First, things like this are the norm throughout human history, not the exception. We’ve been spoiled lately in the disease department. We’ll make it through it. We always do.

Second, I know we call them economic “crises” but really, economic contractions are normal and healthy things for an economy. It’s where we cull the dead weight and sort out which businesses are actually creating value for society and which ones are just leeching off the rest of us. Or as Warren Buffett puts it, “Only when the tide goes out do you discover who’s been swimming naked.”

And finally, we don’t know what we don’t know. There could be a miraculous vaccine discovery next month. Warm weather might eradicate much of this thing by summer. It might randomly mutate and become less lethal. The stress of this might force our healthcare systems to become more robust and cost-effective. The quarantines might change work-life culture across the world. Emissions might drop. Cybersex might make a roaring comeback. Who the fuck knows?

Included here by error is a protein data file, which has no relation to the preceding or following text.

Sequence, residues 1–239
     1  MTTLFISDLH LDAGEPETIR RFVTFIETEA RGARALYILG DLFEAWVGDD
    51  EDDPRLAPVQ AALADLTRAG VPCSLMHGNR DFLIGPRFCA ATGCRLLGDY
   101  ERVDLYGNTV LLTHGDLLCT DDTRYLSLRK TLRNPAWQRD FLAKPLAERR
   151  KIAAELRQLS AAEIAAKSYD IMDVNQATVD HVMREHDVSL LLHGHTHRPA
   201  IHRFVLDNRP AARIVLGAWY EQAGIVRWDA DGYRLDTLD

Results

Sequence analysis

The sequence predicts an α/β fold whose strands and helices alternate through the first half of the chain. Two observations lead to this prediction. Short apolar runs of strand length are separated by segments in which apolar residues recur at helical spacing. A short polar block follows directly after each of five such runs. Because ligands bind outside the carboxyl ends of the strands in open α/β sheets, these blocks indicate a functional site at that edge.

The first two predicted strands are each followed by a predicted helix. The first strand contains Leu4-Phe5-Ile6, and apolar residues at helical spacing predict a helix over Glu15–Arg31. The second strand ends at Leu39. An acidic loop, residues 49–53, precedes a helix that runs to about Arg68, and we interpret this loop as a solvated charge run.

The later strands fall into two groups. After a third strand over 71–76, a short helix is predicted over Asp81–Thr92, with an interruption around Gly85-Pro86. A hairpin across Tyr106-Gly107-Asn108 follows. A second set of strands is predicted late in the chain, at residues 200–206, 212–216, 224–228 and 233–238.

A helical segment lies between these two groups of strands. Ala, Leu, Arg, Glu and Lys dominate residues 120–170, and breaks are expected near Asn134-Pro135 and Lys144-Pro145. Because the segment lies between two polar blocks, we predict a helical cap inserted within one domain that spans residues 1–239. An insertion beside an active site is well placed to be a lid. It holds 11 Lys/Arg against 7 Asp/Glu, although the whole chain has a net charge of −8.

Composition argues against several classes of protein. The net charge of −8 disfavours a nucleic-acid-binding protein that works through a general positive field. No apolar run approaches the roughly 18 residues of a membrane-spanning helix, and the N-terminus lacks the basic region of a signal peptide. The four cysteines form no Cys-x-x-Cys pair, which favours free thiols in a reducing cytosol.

But if you look throughout history, the biggest and most necessary changes typically come in the wake of crises, much like our most important personal changes often come in the wake of our traumas. There’s always growth in pain. And there’s always opportunity for creation in destruction.

So stay safe. Stay clean. Stay home as much as you can. And… stay away from grandma for a while.


Midday Music for Millennials - Jes' grew can't stop, won't stop Tuesday (last day)

Behind every artist this past week are unknown ancestor-originators of the R&B universe, and some, of course, are the modern originators we know.

One can’t even begin to post all that jes’ grew, or from who.

This week didn't even touch the cake walk, rags, gospel, blues, jazz, or boogie woogie.